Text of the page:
Nambawan Super Limited (NSL)

NSL against super healthcare scheme

NSL Board Chairman, Anthony Smare, says members must decide if they want to sign up for such a scheme, but warned it will have a significant impact on their savings.

He made the suggestion following a recent statement by Public Services Minister, Elias Kapavore, who called for a look into the proposed scheme.

During the announcement of NSL’s 2018 financial performance, Smare said the suggestion made recently to make it mandatory for public servants super contributions to pay for this health insurance was concerning.

State pays NSL K95 million

NSL Chairman, Anthony Smare, is now calling on the retirees to see them so they can settle the outstanding payments.

NSL has begun the process of allocating payments to members who exited in 2016.

“Obviously the government has been impacted by an earthquake, low commodity prices, but we’re seeing a flicker of light with the economy. There are some good things starting to happen and it’s also translating into the unfunded.

“The Government has paid us in the last two months, K95 million,” said Smare.

NSL equity in SOEs possible: Minister

He said this in response to a proposal for the fund to acquire interest in the SOEs to settle more than K2 billion in unfunded superannuation by the state to public servants.

Duma said if a company is to take up equity in SOEs, it should be PNG companies with a track record.

“I wouldn’t rule that out. Namabwan Super looks after the interest of our people and they are a national institution, so it would be better off having a national institution taking up equity in some of our SOEs because the money stays with us, these are our companies.”

Options on unfunded super continue

NSL board chairman, Anthony Smare, said one of the long term options is securing assets in State Owned Enterprises.

Smare said their current immediate concern is securing the court ordered payment of K230 million for over 5,000 members who exited the public service since March 2016.

Smare and CEO Paul Sayer said one of the options to settle the unfunded K230 million is a Government bond.

NSL announces new CEO

Paul Sayer a leading Australian Superannuation expert has been appointed by the NSL Board following a stringent identification process.

The NSL Board says Sayer was recognized as the best-placed person to lead the K6 billion into the next stage of its development,

In a media conference in Port Moresby, Board Chairman, Anthony Smare, announced the appointment of Sayer in the presence of members and senior NSL staff.

State owes public servants an estimated K2 billion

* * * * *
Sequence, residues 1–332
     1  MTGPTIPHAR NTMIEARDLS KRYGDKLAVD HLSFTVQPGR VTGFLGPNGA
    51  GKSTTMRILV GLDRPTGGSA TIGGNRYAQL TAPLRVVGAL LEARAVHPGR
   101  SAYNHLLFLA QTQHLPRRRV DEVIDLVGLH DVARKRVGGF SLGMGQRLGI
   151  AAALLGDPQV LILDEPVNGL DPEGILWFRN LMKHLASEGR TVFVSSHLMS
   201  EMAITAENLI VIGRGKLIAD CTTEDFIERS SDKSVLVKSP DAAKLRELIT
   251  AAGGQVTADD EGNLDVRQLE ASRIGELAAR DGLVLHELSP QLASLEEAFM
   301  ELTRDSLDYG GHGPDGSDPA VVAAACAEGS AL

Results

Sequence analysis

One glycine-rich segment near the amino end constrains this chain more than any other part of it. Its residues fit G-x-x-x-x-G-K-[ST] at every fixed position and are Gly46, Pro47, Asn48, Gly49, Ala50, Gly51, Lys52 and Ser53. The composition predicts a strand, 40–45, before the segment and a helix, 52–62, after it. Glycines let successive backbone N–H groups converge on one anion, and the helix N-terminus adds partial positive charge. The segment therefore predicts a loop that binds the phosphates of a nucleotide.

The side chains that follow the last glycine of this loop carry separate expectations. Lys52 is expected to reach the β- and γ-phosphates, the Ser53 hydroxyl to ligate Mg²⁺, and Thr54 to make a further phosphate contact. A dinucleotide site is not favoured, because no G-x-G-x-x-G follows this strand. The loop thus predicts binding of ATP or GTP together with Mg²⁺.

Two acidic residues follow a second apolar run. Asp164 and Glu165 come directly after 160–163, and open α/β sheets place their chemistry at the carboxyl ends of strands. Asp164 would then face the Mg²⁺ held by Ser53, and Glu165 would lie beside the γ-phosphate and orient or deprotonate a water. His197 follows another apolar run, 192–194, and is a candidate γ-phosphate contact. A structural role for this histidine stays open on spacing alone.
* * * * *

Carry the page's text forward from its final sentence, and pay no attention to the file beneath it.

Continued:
This was revealed during NSL’s employer conference held in Port Moresby on Friday.

NSL Manager Legal, George Koi, during his presentation on ‘unfunded liability said they estimated around K2.1 to K2.2 billion in employer contributions is owed by the State for many public servants.

He said they range from teachers to members of the disciplined forces.

Koi said after a reform in 2003, the State was required to contribute 8.4 per cent as employer contributions towards public servants superannuation’s.

NSL takes legal action on State over outstanding payments

This was revealed by NSL Board Chairman, Anthony Smare, when announcing NSL’s 2016 result.

He says proceedings were filed in late February to recover K130 million that is owed to exited members.

Despite the court action, there are already discussions between NSL over the outstanding amount.

“We’ve also had positive discussions with state looking at a number of different options to address this K130 million they owe our exited members,” Smare said.

Members happy with NSL announcement

Members from both the public and private sector are elated with the result and said it was the best news in a while.

Martin Kenehe, the PNG Teachers Association longest representative on the NSL Membership Committee tells Loop PNG that this is the best news for 58, 000 teacher members around the country.

He said teachers for too long have worked in terrible conditions and have had to put up with many issues of salaries and entitlements and the news will alleviate some of those issues.

9pc interest to be paid to NSL accounts

The announcement was made today by NSL Board Chairman, Anthony Smare, in front of members, NSL staff and the media.

Smare said despite the challenging economic conditions of 2016, NSL was able to generate a 44 percent increase in profit from K280 million in 2015 to K404 million last year.

"The 9 percent crediting rate will be applied to members’ balances over this coming weekend," he said.